1. Default Risk - Default risk is the risk that the issuer will go belly up and not be able to pay its obligations of interest and principle. To help measure this risk, an investor can look at default rates. A default rate is the percentage of a population of bonds that are expected to default. Another ratio that an investor can look at is the recovery rate. This rate indicates how much and investor can expect to get back if a default occurs.

2. Credit Spread Risk - This second type of credit risk deals with how the spread of an issue over the treasury curve will react. For example, Ford five-year bonds may trade at 50 basis points above the current five-year treasury. If the five-year bond is trading at 3.5%, then the Ford bonds are trading at a yield of 4%. If this spread of 50 bps widens out compared to other bond issues, it would mean that the Ford bonds are not performing as well as the other bonds in the marketplace. Spreads tend to widen in poor performing economies.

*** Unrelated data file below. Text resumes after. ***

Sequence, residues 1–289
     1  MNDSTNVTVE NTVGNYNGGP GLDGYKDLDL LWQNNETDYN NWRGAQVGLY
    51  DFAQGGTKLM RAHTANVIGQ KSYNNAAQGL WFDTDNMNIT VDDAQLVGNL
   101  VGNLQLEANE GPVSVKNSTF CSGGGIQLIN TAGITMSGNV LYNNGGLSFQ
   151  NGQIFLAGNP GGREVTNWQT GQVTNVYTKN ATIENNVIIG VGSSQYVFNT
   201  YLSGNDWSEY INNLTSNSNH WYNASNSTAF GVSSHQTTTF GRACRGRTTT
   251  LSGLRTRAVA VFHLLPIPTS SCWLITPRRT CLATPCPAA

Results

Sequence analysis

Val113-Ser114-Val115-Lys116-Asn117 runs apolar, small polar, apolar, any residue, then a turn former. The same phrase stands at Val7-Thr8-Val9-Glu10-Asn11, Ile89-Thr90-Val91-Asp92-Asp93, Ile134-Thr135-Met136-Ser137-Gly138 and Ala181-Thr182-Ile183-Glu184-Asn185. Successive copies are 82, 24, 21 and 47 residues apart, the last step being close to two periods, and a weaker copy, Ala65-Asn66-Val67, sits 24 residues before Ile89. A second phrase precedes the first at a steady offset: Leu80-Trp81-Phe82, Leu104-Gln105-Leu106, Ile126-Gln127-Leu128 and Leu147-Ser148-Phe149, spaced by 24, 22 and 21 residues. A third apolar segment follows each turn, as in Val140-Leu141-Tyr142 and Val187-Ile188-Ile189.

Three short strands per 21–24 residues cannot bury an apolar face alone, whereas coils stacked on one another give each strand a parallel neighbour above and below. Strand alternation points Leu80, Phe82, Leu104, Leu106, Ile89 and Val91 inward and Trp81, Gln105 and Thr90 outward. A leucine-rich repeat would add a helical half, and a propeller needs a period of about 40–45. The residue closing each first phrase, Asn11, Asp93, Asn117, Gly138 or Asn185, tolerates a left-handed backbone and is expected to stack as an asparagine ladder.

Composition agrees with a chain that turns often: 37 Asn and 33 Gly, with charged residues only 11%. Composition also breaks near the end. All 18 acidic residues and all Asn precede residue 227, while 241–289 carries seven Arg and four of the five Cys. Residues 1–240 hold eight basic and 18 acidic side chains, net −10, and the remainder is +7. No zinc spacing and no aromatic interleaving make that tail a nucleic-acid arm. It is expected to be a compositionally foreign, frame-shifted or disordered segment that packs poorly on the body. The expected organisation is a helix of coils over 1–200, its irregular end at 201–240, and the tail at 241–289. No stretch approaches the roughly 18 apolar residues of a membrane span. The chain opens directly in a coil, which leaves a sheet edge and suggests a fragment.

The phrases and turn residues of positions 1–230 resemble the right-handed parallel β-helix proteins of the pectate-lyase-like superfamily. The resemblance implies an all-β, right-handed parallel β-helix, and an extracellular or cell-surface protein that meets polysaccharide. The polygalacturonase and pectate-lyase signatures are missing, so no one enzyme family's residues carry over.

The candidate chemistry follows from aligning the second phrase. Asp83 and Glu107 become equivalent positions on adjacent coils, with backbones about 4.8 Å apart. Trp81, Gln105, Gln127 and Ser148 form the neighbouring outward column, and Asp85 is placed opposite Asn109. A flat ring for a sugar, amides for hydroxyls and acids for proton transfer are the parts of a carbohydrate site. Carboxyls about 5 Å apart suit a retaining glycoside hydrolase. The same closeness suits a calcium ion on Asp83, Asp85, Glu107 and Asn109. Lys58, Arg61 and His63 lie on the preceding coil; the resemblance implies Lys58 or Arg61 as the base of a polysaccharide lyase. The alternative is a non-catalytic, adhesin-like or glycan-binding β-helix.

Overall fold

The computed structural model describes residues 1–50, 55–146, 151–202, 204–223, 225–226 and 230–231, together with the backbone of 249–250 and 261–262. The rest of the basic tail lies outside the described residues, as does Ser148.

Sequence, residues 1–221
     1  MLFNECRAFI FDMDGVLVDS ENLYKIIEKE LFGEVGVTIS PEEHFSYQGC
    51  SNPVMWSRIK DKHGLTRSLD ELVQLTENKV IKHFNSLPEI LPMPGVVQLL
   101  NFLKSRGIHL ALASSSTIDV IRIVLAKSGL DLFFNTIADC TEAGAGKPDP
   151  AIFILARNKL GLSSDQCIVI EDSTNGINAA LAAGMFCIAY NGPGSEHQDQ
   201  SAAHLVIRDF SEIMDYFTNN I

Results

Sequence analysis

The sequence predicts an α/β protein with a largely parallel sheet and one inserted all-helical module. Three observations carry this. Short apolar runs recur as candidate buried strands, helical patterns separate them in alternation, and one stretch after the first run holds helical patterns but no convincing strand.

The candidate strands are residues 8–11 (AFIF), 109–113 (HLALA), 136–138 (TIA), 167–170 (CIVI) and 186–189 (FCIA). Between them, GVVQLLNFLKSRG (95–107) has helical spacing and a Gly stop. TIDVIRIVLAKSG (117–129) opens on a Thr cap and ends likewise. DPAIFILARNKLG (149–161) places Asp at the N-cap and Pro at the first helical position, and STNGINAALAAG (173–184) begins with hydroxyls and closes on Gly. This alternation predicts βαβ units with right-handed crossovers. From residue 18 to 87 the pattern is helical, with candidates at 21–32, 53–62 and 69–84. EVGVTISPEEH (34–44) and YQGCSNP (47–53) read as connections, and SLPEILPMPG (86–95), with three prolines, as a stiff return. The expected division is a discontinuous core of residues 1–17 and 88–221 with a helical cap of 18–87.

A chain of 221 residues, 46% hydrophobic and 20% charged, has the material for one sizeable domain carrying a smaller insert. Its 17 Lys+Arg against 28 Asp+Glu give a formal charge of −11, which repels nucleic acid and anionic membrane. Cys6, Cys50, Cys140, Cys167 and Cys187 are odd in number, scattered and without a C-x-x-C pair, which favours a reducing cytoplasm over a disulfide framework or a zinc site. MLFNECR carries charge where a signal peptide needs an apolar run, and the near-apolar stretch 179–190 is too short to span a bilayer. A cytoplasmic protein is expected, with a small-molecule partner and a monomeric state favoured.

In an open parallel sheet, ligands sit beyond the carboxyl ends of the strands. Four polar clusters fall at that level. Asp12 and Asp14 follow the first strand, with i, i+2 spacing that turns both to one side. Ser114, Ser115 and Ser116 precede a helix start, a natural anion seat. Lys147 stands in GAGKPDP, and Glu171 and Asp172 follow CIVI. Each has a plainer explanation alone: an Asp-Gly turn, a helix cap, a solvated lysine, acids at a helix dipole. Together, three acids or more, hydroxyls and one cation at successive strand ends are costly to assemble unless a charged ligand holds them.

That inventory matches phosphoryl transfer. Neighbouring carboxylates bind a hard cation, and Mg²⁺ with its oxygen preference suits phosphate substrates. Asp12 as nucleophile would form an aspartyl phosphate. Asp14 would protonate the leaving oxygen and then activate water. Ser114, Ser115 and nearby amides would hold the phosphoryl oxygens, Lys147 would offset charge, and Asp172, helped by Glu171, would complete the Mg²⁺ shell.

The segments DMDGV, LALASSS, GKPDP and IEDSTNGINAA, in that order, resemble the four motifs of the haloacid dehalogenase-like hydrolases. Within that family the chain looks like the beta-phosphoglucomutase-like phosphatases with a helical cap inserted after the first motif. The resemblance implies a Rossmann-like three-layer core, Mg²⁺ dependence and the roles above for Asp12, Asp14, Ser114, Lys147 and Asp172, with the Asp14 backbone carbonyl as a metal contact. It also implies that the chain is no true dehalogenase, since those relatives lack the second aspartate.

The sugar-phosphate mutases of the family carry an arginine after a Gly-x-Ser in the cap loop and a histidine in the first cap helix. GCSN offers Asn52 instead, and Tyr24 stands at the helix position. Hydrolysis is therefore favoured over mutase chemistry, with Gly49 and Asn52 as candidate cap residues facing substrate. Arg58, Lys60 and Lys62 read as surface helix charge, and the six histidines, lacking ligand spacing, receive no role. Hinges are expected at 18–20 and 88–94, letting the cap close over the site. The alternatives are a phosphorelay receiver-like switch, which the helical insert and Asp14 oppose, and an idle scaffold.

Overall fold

3. Downgrade Risk - The third type of credit risk deals with the rating agencies. These agencies, such as Moody's, S&P and Fitch, give an issuer a rating or grade that indicates the possibility of default. On the more secure side, the ratings range from AAA, which is the best rating to AA, A, BBB. These are the ratings for investment-grade bonds. Once bonds dip into the BB, B, CCC ranges they become junk bonds or, in politically correct language, high yield securities. If one of these rating agencies downgrades a company's rating, it may be harder for the corporation to pay. This will typically cause its marker value to decrease. That is what this risk is all about.

Liquidity Risk

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